Ippolito v. WNS, Inc., 864 F.2d at 453. Furthermore, appellant's contract with the Credit Bureau of Fayetteville/Springdale indicated that the reports were subject to the Act and that she agreed that she would only request the information when she intended to use the information in relation to consumer purposes identical to those set out in the Act, i.e., eligibility for personal credit or insurance, employment purposes and licensing or a business transaction involving the consumer.
Next, appellant contends pursuant to § 1681b(3) (E) that she had a legitimate business need for the credit reports. Appellees, of course, argue that appellant failed to articulate a legitimate business need within the Act's exception. We hold that appellant cannot be said to have a legitimate business need within the meaning of the Act unless and until she can prove or establish that she and appellees were involved in a business transaction involving a consumer. In order to be entitled to the business need exception found in § 1681b(3) (E), the business transaction must relate to "a consumer relationship between the party requesting the report and the subject of the report" regarding credit, insurance eligibility, employment, or licensing. Houghton v. New Jersey Mfrs. Ins. Co., 795 F.2d 1144, 1149 (3d Cir. 1986). Appellant admits that she and appellees were not involved in any consumer transaction involving the extension of credit, insurance, employment, or licensing. Thus, no consumer relationship existed between appellant, the party requesting the reports, and appellees, the subjects of the reports, and the business need exception did not apply. We also reject appellant's argument that, as an attorney representing clients in litigation, she had a business need to obtain credit reports on the opposing parties. See Duncan v. Handmaker, 149 F.3d at 426-28; cf. Mone v. Dranow, 945 F.2d at 308 (employer's obtaining credit report for purpose of determining whether employee would be able to satisfy judgment was not for lawful purpose).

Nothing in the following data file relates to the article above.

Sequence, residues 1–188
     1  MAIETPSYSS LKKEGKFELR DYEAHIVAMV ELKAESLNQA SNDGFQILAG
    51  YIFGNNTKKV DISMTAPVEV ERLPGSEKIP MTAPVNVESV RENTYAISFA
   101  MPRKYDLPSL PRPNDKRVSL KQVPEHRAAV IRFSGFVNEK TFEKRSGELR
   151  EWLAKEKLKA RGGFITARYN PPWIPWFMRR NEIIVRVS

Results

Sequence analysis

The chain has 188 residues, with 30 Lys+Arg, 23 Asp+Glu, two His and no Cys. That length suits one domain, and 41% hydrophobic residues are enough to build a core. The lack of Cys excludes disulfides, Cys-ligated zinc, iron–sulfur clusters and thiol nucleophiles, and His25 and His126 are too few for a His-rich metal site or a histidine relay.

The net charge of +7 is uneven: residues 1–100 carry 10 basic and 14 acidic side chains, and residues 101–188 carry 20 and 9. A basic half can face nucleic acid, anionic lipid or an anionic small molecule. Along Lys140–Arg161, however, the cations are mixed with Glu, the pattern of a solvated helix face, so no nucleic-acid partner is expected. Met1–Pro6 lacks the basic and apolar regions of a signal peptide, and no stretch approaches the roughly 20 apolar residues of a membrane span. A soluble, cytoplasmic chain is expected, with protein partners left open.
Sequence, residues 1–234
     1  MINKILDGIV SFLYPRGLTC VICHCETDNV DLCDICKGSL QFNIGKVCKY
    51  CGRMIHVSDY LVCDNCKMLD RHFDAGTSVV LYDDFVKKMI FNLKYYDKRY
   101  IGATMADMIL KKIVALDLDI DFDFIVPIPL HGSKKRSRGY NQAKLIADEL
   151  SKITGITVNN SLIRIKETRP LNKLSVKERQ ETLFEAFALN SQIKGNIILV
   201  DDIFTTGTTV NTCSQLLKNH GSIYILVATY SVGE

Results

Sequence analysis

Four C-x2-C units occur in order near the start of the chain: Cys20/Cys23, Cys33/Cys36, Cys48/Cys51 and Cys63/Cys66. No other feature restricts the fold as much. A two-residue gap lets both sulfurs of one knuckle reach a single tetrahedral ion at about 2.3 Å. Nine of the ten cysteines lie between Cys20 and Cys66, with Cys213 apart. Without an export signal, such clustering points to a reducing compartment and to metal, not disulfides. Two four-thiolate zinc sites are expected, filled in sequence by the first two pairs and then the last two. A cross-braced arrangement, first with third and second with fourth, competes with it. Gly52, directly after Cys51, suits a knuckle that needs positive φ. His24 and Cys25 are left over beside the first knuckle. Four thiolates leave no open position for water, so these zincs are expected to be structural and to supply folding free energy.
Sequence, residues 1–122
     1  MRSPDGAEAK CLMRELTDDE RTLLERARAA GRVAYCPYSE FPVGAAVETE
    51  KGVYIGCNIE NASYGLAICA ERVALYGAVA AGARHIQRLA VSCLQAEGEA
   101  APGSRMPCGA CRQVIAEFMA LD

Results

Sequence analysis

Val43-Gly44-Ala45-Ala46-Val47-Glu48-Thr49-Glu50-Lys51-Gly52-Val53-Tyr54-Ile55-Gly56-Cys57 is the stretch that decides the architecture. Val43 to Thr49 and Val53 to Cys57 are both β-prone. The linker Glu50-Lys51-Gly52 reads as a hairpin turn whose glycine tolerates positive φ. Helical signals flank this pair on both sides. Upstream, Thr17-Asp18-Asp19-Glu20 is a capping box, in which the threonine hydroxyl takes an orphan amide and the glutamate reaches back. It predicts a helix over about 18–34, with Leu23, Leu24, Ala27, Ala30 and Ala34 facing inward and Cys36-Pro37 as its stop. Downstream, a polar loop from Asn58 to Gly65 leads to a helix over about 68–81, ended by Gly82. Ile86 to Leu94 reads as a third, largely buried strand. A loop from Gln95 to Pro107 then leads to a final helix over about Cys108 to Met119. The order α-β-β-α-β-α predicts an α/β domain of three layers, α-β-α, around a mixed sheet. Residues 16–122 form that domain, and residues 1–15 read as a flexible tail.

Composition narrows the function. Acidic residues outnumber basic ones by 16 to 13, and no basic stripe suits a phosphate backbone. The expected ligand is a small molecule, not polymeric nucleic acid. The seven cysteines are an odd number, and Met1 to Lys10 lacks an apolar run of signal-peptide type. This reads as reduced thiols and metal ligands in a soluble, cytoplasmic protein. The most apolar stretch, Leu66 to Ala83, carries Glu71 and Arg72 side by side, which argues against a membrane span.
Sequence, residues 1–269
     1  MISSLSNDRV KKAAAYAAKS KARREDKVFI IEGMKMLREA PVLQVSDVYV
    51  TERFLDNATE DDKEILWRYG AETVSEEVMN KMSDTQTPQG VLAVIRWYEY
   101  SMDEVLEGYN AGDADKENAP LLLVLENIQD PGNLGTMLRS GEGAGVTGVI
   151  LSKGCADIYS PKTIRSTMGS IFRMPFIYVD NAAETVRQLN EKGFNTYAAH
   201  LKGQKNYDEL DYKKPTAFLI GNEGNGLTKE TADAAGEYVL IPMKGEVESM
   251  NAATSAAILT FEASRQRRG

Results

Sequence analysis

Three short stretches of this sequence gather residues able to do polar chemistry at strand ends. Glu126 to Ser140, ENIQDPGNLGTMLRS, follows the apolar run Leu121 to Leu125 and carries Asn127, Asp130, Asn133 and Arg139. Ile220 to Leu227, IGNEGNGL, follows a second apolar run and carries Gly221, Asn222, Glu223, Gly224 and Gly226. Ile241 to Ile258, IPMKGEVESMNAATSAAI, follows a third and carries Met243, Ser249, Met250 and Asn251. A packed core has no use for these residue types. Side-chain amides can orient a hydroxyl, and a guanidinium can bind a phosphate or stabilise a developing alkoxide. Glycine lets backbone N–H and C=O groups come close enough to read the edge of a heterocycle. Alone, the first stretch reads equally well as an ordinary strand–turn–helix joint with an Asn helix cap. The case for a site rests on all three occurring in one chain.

Finally, we consider appellant's argument that the punitive damages award was unreasonable. Title 15 U.S.C. § 1681q provides criminal penalties for knowingly and willfully obtaining a credit report under false pretenses. A violation of this criminal statute is a violation of any requirement imposed under the subchapter within the meaning of §§ 1681n and 1681o. Hansen v. Morgan, 582 F.2d 1214, 1218 (9th Cir. 1978) (violation of § 1681q forms a basis of civil liability under §§ 1681n and 1681o). Therefore, obtaining a credit report under false pretenses creates civil liability under the FCRA. Where civil liability exists because of a willful failure to comply with the requirements of the Act, the consumer may recover (1) any actual damages sustained by the consumer as a result of the failure; (2) such punitive damages as the court may allow; and (3) in the case of any successful action to enforce liability under this section, the costs of the action together with reasonable attorney's fees as determined by the court. 15 U.S.C. § 1681n(a).